2014 Governor's Race
Fri September 27, 2013
Anatomy of a Leak: How Wendy Davis Gains From Reports of Governor Run
The word is out: Texas state Sen. Wendy Davis will run for governor.
News of Sen. Davis’ run, attributed to anonymous Democratic sources, shot around newsrooms yesterday; a formal announcement is expected next week. But it’s unlikely the story was an inadvertent leak from the Davis camp.
Ross Ramsey with KUT’s reporting partner The Texas Tribune says the announcement is part of a carefully crafted media narrative.
“First she is considering it, and then she is talking to friends, and then people are encouraging her, and then we had a delay, and then we have the announcement that she will make an announcement next week, and now we’ve got rumors that she’s going to announce that she’s going to run,” Ramsey says. “And then when she announces, she’ll announce. If you’re a candidate, it’s all free media and that’s kind of the way that the world of political gossip and news works.”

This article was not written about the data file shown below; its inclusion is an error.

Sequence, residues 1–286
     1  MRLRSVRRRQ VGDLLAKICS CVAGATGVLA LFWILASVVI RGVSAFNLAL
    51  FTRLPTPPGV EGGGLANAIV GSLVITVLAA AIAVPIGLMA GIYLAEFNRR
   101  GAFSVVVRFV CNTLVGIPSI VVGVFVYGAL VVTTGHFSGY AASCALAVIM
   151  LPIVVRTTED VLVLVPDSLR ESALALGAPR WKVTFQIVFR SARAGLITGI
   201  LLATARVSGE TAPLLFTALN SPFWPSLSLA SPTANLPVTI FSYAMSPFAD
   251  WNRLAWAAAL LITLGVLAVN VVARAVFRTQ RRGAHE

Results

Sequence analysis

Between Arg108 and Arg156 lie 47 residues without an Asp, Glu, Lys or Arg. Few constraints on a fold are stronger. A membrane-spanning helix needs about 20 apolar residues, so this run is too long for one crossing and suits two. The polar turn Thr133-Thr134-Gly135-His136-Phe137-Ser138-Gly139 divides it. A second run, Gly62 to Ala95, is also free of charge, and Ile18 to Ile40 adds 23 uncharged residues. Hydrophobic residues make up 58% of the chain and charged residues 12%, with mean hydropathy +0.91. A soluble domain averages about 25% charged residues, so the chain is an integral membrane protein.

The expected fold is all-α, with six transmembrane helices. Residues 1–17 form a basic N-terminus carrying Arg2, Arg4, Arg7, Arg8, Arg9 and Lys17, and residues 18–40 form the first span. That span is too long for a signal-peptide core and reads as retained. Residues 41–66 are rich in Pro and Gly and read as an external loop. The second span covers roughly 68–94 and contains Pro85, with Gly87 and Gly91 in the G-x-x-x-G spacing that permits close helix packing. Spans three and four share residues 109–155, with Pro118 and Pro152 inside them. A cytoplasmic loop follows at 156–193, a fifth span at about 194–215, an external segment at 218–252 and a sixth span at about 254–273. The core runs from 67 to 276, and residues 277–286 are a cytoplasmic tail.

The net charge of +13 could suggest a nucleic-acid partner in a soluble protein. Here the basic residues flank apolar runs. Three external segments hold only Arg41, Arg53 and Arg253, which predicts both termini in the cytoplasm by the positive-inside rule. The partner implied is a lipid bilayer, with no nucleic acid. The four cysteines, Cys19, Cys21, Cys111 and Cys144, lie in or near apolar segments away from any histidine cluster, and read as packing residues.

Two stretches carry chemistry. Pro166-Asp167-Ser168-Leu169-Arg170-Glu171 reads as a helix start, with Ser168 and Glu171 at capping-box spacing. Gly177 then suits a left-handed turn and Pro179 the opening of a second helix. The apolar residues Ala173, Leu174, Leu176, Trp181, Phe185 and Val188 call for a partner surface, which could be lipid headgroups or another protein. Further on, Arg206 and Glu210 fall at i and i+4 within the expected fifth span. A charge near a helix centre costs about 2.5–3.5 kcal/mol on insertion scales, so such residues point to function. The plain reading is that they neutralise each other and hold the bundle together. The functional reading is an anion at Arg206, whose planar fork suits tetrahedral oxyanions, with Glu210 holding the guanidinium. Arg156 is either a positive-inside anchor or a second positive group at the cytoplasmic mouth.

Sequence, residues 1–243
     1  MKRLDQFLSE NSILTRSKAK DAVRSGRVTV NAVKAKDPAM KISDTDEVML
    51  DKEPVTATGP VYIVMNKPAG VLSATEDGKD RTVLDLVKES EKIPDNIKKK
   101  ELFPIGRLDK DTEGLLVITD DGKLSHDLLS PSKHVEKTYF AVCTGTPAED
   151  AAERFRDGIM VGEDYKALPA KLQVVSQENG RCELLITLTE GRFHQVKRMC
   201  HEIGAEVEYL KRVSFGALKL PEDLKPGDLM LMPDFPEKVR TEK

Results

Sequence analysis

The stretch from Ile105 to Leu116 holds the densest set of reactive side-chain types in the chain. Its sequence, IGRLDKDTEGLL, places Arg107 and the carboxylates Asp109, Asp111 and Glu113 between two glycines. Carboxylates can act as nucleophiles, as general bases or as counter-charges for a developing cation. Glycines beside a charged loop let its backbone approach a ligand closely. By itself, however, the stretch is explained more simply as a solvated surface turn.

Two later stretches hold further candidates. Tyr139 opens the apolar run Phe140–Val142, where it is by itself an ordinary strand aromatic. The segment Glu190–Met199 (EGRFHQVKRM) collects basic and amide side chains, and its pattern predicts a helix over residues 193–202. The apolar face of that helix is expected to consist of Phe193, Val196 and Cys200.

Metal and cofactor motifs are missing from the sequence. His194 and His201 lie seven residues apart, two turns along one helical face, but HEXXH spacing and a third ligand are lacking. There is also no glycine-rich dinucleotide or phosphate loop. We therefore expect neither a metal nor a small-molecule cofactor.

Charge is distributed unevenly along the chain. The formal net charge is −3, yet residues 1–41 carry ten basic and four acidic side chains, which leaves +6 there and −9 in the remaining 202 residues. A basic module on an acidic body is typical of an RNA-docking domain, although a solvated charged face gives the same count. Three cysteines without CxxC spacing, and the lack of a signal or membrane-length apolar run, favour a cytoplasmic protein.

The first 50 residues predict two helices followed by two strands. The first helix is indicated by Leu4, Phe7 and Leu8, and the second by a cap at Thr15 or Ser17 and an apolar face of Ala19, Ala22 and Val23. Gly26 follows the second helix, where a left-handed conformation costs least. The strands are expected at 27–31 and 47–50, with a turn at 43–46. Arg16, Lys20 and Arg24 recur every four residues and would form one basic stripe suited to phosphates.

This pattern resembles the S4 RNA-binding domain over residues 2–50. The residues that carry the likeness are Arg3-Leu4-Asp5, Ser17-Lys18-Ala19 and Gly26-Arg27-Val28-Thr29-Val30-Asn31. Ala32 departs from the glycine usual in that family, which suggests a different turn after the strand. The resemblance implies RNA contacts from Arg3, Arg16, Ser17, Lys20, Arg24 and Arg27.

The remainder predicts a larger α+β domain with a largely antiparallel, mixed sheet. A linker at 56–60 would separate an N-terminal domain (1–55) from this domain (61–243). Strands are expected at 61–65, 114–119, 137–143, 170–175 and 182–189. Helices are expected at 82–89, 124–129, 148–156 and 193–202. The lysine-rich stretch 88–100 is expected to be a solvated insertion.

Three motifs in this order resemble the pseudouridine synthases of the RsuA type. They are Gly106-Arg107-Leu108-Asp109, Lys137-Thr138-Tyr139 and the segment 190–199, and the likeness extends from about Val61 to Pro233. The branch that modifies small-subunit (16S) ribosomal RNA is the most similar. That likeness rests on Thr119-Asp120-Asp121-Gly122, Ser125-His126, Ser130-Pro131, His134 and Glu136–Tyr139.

Maybe every single step in the process isn’t that coordinated: Davis postponed her announcement to spend time with her father, who died earlier this month. But other signs – like Davis’ pitch on Twitter she “has big news,” sent out the same day of the leak – look decidedly intentional.
St. Edward’s University political science professor Brian Smith says the leaks do two things: they build anticipation and, more importantly, help kick off the fundraising.
“If you announce early, people are going to start donating sooner,” Smith says. “So that way, she can make the announcement and then say, ‘Listen, I’ve just raised X-million dollars.’”
Smith estimates Davis’ campaign will need some $40 million dollars to campaign against Texas attorney general Greg Abbott, who is running on the Republican ticket. “So the sooner she starts fundraising, the better off she’ll be,” Smith says.
Davis was propelled into the national spotlight earlier this year after her filibuster in the Texas Senate temporarily delayed adoption of new state laws restricting abortion. If Davis runs and wins, she would be the first Democrat elected to statewide office in Texas in 20 years.
As if one schedule, new details from the Davis camp continue to emerge. The Texas Tribune reports Davis will make the announcement Oct. 3 at Wiley G. Thomas Coliseum in Haltom City, Texas – “the auditorium where she received her high school diploma in 1981.”
2014 Governor's Race